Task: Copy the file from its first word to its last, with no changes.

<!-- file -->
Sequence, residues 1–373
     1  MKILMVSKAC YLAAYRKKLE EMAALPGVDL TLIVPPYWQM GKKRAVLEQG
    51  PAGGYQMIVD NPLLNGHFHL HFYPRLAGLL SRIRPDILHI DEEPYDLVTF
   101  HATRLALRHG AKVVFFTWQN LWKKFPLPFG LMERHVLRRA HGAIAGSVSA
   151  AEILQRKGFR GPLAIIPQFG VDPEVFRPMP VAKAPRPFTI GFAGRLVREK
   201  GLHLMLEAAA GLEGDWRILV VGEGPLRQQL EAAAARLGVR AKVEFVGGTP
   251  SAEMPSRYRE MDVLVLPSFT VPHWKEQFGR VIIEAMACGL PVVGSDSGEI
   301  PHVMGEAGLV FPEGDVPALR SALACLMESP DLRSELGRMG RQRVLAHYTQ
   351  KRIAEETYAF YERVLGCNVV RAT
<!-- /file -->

Sequence, residues 1–373
     1  MKILMVSKAC YLAAYRKKLE EMAALPGVDL TLIVPPYWQM GKKRAVLEQG
    51  PAGGYQMIVD NPLLNGHFHL HFYPRLAGLL SRIRPDILHI DEEPYDLVTF
   101  HATRLALRHG AKVVFFTWQN LWKKFPLPFG LMERHVLRRA HGAIAGSVSA
   151  AEILQRKGFR GPLAIIPQFG VDPEVFRPMP VAKAPRPFTI GFAGRLVREK
   201  GLHLMLEAAA GLEGDWRILV VGEGPLRQQL EAAAARLGVR AKVEFVGGTP
   251  SAEMPSRYRE MDVLVLPSFT VPHWKEQFGR VIIEAMACGL PVVGSDSGEI
   301  PHVMGEAGLV FPEGDVPALR SALACLMESP DLRSELGRMG RQRVLAHYTQ
   351  KRIAEETYAF YERVLGCNVV RAT